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Thursday, January 11, 2018

Grateful

I'm trying really hard to be grateful.

Grateful I've stayed healthy for so long.

Grateful that my injury (if it had to happen) happened now, in the cold slippery winter, and not during a big summer training block.

Grateful I have a coach who is also a physical therapist (as well as one of the calmest humans beings on earth).

Grateful to have health insurance.

Grateful I can still swim.

Grateful to have so many friends who still care about me, even when I can't run.

Grateful I don't equate self-worth with running fast.

. . . but let's not fool ourselves. I still want to run fast.

Just have to heal, first. And then, I guess, we'll see.

Tuesday, January 2, 2018

Which Matters More: Talent or Hard Work?

So I have this friend, T___. He's a former professional triathlete who completes Ironmans in the time it takes me to explain what that race is. He also works as a firefightera physically demanding job that has an extremely erratic schedule requiring long hours and sleepless nights. Needless to say, I have a lot of respect for this guy. Therefore, when he asked for my input as he developed a podcast, and then when he asked me to be an early guest on the show, I was very flattered, but also a little nervous. As a writer, I've interviewed other people before, but I've never been the one in the hot seat!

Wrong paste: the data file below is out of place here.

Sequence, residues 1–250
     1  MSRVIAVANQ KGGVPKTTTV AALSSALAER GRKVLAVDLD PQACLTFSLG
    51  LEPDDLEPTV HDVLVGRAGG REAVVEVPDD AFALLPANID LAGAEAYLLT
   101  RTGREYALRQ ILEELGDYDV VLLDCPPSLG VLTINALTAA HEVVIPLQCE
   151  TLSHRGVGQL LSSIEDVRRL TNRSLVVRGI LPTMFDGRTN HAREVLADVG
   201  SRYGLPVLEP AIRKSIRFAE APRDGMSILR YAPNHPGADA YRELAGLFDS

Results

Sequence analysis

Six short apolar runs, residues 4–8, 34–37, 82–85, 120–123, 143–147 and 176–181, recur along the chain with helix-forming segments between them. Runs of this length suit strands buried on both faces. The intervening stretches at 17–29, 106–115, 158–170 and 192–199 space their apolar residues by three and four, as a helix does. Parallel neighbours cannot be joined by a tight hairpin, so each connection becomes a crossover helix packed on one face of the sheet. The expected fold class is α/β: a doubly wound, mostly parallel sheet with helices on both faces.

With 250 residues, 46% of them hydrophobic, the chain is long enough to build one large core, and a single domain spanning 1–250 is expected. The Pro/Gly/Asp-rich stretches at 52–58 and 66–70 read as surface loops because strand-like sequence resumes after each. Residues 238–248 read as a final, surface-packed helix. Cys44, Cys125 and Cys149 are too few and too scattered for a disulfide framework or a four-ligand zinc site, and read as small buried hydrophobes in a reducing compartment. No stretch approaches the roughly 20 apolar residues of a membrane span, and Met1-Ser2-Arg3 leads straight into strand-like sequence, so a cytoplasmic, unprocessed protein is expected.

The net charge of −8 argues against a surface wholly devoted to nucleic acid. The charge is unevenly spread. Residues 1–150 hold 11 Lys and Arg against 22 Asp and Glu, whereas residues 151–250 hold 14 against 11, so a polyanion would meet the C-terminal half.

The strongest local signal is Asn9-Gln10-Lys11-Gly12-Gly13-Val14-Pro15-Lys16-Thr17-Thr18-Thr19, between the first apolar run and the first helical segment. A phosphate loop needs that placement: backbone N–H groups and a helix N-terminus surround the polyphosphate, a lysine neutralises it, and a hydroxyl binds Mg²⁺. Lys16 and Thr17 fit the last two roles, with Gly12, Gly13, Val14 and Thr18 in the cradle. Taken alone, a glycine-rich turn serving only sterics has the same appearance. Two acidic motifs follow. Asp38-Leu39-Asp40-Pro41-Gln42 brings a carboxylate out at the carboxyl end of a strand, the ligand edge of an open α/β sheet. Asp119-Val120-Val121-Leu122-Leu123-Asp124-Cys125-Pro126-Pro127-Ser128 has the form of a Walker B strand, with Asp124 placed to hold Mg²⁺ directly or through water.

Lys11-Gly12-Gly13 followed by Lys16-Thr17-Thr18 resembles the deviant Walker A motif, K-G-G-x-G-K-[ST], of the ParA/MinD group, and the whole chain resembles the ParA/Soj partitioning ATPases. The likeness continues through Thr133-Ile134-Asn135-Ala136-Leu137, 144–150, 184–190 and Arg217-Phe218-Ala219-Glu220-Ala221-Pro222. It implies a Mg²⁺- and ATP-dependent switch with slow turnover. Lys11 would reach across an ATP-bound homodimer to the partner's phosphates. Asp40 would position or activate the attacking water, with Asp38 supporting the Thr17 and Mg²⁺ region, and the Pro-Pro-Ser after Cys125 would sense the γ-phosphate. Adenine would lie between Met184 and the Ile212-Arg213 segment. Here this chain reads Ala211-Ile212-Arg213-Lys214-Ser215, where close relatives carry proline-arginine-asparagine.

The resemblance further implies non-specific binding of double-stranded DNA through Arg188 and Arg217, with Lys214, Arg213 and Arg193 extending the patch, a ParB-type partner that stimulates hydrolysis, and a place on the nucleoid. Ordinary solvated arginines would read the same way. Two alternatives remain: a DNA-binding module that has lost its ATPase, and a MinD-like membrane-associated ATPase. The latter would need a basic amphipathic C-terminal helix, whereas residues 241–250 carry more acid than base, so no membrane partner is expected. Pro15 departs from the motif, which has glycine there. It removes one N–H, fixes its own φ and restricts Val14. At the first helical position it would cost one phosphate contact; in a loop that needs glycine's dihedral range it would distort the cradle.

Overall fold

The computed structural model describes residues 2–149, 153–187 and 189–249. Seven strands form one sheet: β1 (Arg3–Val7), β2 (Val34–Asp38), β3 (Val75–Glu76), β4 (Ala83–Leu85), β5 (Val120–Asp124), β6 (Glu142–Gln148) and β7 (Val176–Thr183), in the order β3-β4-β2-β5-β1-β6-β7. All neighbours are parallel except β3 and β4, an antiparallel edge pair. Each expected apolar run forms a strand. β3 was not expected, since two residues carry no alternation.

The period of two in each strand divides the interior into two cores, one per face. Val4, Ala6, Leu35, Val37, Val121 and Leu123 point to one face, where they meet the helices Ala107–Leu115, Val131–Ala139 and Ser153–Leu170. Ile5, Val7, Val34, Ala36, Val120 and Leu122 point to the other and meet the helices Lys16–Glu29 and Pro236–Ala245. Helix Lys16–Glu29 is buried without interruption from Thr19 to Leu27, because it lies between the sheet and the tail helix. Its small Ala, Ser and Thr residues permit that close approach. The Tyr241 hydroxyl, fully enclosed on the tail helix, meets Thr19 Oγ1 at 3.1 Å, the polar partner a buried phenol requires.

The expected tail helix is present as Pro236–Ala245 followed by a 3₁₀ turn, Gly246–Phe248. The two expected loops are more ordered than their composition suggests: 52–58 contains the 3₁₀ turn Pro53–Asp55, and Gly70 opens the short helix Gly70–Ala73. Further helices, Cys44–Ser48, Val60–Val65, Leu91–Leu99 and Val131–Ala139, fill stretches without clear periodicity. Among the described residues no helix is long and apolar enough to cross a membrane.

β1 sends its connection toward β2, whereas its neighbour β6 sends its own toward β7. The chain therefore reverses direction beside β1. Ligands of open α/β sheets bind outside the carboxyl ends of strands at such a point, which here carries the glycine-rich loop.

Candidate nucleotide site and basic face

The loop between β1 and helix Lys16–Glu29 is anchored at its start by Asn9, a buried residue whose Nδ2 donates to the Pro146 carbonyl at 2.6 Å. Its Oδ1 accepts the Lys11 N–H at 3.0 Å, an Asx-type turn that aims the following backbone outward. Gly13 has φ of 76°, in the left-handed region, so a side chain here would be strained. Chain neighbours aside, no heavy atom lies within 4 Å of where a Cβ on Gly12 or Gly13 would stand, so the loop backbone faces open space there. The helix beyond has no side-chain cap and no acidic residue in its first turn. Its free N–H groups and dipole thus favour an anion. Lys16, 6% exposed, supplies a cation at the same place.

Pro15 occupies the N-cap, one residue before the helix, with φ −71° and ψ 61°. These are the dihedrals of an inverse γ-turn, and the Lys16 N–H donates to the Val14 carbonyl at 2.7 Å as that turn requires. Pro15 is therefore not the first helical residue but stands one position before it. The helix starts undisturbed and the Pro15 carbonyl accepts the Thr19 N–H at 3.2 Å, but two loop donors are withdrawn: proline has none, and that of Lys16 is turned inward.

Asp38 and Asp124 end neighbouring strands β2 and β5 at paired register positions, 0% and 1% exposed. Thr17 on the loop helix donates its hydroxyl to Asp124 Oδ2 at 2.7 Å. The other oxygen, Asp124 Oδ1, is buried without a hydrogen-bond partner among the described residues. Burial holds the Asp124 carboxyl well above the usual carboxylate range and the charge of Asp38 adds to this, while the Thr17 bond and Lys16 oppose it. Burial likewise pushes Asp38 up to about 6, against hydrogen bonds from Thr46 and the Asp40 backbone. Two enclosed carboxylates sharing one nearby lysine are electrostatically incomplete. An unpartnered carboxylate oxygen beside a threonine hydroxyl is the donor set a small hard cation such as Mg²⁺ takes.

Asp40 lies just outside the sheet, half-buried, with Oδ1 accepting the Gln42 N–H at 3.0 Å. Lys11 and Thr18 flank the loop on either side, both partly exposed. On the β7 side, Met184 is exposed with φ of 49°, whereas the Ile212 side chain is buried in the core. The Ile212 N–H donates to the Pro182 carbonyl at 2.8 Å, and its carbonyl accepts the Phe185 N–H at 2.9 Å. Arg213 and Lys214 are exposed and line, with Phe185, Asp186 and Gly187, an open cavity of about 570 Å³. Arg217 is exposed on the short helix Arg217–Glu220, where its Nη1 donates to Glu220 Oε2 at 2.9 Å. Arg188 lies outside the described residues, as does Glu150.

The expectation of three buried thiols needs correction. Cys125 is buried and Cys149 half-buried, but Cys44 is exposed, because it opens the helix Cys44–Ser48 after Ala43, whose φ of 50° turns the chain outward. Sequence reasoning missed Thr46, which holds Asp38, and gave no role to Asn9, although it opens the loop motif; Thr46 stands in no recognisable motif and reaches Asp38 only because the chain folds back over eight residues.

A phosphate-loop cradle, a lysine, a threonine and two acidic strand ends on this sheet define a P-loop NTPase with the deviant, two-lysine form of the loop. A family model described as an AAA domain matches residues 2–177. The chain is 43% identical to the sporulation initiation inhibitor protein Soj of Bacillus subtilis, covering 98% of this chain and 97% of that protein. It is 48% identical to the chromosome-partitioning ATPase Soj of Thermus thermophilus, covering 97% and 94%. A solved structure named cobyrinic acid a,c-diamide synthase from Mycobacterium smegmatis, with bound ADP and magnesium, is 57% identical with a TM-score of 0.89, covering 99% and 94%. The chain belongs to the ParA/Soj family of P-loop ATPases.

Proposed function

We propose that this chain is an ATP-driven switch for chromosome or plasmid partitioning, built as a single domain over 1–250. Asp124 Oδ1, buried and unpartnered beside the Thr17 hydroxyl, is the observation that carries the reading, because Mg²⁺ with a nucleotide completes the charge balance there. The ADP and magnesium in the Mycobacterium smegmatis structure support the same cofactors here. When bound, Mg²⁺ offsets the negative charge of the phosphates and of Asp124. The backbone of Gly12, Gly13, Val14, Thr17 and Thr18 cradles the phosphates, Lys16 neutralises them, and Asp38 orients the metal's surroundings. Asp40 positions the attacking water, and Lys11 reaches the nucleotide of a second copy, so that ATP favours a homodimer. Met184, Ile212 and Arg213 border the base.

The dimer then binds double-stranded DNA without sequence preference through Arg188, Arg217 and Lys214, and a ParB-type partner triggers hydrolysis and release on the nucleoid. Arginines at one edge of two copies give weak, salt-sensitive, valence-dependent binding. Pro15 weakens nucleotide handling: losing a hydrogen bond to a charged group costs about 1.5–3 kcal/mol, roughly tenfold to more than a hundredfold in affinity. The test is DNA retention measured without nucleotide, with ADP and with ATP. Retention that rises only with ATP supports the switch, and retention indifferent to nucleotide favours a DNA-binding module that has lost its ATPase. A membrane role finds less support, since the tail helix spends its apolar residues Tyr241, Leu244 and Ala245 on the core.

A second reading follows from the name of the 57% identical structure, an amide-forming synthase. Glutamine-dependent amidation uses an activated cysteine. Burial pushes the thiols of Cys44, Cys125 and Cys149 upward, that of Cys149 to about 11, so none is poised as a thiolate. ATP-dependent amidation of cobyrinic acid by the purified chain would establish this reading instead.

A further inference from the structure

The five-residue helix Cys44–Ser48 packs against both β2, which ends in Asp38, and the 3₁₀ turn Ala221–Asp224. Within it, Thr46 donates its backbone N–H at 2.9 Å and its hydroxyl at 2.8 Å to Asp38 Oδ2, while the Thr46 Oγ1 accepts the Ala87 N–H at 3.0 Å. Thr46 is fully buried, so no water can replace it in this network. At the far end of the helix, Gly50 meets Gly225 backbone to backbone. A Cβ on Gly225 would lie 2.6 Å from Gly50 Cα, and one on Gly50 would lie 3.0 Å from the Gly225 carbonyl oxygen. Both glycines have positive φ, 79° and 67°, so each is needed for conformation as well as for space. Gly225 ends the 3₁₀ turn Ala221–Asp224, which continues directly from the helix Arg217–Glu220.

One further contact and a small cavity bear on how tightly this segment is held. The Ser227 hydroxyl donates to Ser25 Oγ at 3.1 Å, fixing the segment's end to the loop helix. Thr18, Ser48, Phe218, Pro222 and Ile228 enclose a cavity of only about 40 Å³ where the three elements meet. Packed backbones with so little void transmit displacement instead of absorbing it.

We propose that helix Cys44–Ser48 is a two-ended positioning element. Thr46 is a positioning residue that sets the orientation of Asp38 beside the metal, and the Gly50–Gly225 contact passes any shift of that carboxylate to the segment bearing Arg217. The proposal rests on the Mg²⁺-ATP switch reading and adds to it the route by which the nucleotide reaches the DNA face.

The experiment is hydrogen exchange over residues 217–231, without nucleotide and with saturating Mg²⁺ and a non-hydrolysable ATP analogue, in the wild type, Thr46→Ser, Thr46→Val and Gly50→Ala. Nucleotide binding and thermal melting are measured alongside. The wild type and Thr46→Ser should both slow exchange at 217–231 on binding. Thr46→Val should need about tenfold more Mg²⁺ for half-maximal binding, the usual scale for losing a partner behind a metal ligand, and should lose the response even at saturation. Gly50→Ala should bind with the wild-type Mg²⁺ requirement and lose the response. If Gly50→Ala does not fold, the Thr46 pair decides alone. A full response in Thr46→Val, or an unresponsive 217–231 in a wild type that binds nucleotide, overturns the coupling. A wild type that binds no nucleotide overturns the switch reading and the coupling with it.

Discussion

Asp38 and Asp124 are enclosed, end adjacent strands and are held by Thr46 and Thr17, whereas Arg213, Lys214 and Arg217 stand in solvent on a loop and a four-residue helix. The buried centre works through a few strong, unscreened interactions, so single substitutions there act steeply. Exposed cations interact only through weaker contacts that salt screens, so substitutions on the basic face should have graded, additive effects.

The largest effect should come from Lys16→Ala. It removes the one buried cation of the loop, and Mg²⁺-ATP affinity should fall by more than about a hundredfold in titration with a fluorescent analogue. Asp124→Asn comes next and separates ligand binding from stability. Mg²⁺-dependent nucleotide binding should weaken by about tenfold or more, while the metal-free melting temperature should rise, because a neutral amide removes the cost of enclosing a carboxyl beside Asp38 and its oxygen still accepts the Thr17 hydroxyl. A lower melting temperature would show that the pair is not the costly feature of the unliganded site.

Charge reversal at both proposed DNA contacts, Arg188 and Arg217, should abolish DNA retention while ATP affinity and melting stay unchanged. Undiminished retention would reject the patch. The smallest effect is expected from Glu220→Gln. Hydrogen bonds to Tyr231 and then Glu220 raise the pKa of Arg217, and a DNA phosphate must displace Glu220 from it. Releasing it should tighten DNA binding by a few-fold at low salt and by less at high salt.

Luckily, a few days before we were scheduled to record, T___ gave me a list of questions. There weren't many, so I decided to practice my answers with my fiance, R___.  Then, during the interview, T___ asked me nearly all of the questions on his list, but he did omit one . . . and of course it was the one for which I had prepared what I considered my best answer. The question has stuck with me ever since, so, I want to lay out my thoughts on the matter.

Which matters more, talent or hard work?